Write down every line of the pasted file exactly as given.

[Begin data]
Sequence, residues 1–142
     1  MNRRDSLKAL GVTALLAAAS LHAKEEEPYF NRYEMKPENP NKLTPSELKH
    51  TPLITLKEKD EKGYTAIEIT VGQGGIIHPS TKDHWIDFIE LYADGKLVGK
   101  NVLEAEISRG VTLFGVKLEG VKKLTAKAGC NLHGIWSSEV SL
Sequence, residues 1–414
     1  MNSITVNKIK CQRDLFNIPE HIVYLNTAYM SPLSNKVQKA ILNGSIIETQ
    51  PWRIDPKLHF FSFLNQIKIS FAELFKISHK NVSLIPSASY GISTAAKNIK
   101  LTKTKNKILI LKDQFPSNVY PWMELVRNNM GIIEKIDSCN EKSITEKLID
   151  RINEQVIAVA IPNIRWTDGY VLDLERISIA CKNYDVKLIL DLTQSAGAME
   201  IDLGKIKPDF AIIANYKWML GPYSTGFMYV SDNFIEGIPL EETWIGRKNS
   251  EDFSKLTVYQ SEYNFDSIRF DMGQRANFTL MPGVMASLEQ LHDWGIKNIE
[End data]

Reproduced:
Sequence, residues 1–142
     1  MNRRDSLKAL GVTALLAAAS LHAKEEEPYF NRYEMKPENP NKLTPSELKH
    51  TPLITLKEKD EKGYTAIEIT VGQGGIIHPS TKDHWIDFIE LYADGKLVGK
   101  NVLEAEISRG VTLFGVKLEG VKKLTAKAGC NLHGIWSSEV SL
Sequence, residues 1–414
     1  MNSITVNKIK CQRDLFNIPE HIVYLNTAYM SPLSNKVQKA ILNGSIIETQ
    51  PWRIDPKLHF FSFLNQIKIS FAELFKISHK NVSLIPSASY GISTAAKNIK
   101  LTKTKNKILI LKDQFPSNVY PWMELVRNNM GIIEKIDSCN EKSITEKLID
   151  RINEQVIAVA IPNIRWTDGY VLDLERISIA CKNYDVKLIL DLTQSAGAME
   201  IDLGKIKPDF AIIANYKWML GPYSTGFMYV SDNFIEGIPL EETWIGRKNS
   251  EDFSKLTVYQ SEYNFDSIRF DMGQRANFTL MPGVMASLEQ LHDWGIKNIE